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Emotional Dialogue

We often have trouble communicating in relationships regardless of the type of relationship.  This is more so in a couple’s environment as there are always competing priorities or values.  One of the major enhancements to a relationship, especially in marriage, is to have emotional dialogues with each other.  Emotional dialogue is the process by which one person offers a bid for emotional connection and the other person receives it by validating the emotions and demonstrating a willingness to nurture those emotions.

I can already picture, usually men, rolling their eyes at this point thinking they have to get in touch with their emotions.  That is not entirely what I am referring to.  It is simply taking the time to accept that the other person has those feelings or emotions and that they are valid for that person. Regardless of whether you believe the reason for the emotions to be valid, the emotions are real and being felt by the other person.  By validating the other person’s emotions, you are indicating that you are willing to support them and help them with what they are feeling.  This will help to establish empathy as well as create an emotional bond that can help heal past childhood attachment issues.

Suppose a spouse states that they are saddened by a coworker being confrontational with them due to a miscommunication.  If the other spouse responds with statements that dismiss their feelings, such as “you shouldn’t feel that way,” or “you should do… or not do…,” it sends the message that their emotions are not valid and more importantly, that they do not matter or that they do not know how to solve their own problems.  A more positive response would be to validate the emotions and be a supportive partner.  Perhaps responding with, “I’m sorry you had to deal with that.  How can I help?” would generate a validation point and make the other feel like they had a true support system in their spouse.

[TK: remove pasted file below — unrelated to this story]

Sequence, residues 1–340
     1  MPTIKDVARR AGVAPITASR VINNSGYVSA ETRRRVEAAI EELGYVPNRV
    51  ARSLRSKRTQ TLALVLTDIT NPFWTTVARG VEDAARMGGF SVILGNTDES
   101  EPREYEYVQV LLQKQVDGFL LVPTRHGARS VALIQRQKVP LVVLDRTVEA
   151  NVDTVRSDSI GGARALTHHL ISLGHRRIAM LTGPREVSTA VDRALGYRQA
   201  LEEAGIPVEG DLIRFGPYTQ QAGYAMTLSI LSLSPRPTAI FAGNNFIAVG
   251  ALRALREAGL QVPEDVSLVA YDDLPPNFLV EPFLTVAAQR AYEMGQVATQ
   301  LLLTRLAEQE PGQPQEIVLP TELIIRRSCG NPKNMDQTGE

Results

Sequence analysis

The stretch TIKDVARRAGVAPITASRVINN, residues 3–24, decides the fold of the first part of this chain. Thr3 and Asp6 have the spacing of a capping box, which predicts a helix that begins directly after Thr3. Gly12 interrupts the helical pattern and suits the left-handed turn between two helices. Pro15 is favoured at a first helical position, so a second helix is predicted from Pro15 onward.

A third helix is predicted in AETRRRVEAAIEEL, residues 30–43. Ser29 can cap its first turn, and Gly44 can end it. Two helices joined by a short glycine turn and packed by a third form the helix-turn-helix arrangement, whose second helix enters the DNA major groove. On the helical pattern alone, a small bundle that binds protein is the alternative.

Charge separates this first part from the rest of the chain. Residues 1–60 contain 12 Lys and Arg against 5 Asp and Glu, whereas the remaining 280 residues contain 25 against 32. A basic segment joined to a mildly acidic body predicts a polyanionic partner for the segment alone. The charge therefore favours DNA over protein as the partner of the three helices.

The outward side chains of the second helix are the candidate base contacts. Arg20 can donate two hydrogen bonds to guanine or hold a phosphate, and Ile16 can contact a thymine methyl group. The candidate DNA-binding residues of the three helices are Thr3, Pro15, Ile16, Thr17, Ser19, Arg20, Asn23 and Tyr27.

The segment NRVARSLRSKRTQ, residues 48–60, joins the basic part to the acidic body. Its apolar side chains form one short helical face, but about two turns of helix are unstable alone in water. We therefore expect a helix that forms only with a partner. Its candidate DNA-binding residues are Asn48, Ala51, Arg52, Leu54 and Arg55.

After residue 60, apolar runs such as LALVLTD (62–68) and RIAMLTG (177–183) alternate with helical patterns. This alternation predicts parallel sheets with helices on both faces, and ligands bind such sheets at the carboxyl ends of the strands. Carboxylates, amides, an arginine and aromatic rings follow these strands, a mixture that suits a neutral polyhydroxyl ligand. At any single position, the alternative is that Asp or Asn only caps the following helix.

By validating emotions and offering to help, we generate a deeper level of closeness in the relationship and a deeper level of trust.  One person offers their emotions to another, and those emotions are met with support and care.  That is one way to build better relationships with a secure attachment and a foundation of trust.  This applies to all relationships including parents with children, friends of all ages, siblings, and coworkers.  When people can trust you with their emotions, they will want to build stronger relationships and will open up more.

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Charles Bower, LPC Associate

My passion is relationships of all kinds.  I have been working with people dealing with relationship issues, both professionally and personally, for several years and still see the potential in every relationship to not only survive, but to thrive. I also have experience with biblical and Christian counseling, which is also a passion of mine. However, I do not impose my beliefs on any client and have successfully navigated working with clients of varying world views and spiritual beliefs.


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